At 8, my son was invited to his first birthday party, at a bowling alley in town. I remember picking him up afterward very nervous that he somehow now had 25 new BFFs. When I asked him how it went, he simply said, “OK.” I found out later, of course, that my expectations were unrealistic. None of the children had wanted him on their team, so he’d bowled with the parents. That was the last of the birthday parties. He’s never really had one of his own—I watched him turn down my offers of a party year after year, until I eventually stopped asking.
My son has Asperger’s, and I too have experienced that dejected look on my child’s face, telling me he is all alone. As a mother, you want to make the pain go away, even if in the short term that means not accepting the reality yourself. I can relate to her rationale for creating a Facebook page, and I appreciate the way that page has raised Asperger’s awareness. It makes me feel optimistic that so many people were touched by his story and that it has gone viral. I know people do care, even if they are not always able to show it. But I have very mixed feelings about those millions of strangers who have liked the page and posted messages to Colin, and I’m very concerned about how a boy like Colin will respond when he finds out about the page on March 9.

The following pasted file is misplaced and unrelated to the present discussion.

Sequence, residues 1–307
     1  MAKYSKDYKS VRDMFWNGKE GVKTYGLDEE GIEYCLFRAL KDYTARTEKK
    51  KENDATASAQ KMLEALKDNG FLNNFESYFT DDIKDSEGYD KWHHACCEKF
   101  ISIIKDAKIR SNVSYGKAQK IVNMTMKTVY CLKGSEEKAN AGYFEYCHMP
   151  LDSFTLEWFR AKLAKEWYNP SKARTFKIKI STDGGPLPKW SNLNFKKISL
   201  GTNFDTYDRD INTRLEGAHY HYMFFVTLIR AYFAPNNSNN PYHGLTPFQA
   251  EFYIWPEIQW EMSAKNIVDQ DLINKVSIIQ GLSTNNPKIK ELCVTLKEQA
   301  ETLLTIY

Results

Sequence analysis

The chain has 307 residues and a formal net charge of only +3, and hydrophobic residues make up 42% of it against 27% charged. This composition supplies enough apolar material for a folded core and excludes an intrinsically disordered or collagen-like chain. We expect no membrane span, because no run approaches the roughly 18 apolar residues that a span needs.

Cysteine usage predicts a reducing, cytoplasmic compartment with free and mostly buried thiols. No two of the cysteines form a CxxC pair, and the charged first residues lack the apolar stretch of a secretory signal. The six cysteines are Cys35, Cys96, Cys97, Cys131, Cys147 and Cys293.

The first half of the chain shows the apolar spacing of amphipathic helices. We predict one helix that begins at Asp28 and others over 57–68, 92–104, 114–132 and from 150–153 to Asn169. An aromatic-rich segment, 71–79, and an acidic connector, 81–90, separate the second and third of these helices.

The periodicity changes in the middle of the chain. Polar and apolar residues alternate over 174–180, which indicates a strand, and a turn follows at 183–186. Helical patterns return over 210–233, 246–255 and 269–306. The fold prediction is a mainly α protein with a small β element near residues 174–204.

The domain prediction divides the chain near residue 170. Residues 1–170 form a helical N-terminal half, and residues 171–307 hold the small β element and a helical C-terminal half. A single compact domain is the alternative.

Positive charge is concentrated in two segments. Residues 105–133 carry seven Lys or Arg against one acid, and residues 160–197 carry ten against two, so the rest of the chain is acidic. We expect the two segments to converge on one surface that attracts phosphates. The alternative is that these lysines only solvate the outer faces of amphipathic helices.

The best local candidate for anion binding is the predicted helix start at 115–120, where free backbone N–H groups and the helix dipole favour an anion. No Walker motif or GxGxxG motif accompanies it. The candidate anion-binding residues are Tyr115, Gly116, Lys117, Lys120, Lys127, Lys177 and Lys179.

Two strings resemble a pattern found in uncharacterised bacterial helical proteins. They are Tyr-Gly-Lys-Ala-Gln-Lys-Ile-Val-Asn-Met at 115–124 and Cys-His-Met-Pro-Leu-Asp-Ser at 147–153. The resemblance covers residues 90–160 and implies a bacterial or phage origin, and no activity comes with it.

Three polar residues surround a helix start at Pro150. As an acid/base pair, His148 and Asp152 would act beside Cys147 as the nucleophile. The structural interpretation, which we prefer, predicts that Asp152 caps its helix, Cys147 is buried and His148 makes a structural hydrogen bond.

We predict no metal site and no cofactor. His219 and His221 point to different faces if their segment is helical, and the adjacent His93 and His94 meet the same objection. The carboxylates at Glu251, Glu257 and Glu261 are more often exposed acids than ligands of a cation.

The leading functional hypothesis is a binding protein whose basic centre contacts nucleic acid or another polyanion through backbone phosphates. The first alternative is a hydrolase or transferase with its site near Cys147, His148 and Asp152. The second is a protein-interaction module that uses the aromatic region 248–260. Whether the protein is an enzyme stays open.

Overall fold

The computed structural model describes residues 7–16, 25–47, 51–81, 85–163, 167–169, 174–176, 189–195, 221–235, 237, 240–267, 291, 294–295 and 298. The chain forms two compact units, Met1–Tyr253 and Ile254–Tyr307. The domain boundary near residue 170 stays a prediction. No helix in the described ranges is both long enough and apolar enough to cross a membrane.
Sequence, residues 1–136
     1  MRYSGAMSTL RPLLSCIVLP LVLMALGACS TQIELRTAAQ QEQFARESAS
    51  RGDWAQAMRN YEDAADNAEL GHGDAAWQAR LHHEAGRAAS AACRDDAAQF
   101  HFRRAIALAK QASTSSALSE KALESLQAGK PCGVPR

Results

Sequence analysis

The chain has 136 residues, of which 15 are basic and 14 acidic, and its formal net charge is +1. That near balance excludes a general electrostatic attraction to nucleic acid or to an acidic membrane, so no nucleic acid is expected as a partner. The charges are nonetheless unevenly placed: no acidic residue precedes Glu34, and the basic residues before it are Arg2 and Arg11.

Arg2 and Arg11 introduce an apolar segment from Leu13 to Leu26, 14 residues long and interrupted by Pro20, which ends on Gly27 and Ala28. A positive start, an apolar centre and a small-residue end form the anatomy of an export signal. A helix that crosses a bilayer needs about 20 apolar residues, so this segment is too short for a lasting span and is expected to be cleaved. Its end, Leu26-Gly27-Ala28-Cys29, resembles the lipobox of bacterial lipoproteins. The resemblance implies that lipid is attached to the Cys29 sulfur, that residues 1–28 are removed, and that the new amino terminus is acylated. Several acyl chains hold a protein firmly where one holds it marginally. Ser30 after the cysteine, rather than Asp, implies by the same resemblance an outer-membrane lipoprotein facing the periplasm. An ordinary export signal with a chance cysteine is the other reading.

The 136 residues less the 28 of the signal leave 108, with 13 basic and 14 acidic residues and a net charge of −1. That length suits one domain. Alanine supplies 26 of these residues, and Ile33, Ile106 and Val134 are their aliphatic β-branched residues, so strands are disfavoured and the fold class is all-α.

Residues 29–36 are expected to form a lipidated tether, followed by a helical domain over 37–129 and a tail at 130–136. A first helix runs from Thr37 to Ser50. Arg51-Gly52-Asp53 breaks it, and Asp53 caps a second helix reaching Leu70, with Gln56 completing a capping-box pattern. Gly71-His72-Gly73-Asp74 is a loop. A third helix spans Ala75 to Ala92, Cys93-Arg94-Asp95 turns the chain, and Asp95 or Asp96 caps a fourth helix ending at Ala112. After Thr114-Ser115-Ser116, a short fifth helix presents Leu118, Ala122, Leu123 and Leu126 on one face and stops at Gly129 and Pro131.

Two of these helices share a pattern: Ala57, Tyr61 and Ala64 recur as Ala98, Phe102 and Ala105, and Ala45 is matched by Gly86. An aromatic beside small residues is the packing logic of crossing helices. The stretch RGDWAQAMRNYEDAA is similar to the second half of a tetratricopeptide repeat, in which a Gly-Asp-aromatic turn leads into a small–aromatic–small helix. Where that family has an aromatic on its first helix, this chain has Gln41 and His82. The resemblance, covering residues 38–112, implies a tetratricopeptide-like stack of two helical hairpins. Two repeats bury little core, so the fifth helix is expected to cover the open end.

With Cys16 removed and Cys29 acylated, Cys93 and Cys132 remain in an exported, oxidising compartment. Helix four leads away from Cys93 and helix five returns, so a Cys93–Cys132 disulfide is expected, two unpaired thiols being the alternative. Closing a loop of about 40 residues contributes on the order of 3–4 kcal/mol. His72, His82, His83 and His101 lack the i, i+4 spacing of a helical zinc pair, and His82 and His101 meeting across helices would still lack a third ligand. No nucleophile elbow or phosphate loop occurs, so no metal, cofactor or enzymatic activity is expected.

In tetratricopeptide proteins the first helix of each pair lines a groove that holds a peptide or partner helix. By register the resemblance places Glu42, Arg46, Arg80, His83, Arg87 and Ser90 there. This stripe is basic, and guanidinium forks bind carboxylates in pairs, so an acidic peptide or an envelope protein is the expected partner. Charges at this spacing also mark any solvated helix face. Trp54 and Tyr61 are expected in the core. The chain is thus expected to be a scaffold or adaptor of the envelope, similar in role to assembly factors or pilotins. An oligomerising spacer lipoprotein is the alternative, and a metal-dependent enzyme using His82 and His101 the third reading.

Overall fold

I am sure Jennifer was thinking her effort would garner at most 100 likes; I can empathize that those first 500 or so probably felt like an amazing gift to her. The responses came from people who have never seen a lanky 10-year-old standing in the grocery line screaming in agony because of the tag on his shirt, have never witnessed a full-body violent meltdown, or seen the look on the teacher’s face after a particularly hard day. To have 1.9 million people blindly accept you and your challenging, unique, beautiful son without judgment would feel equal to a lifetime of birthday presents.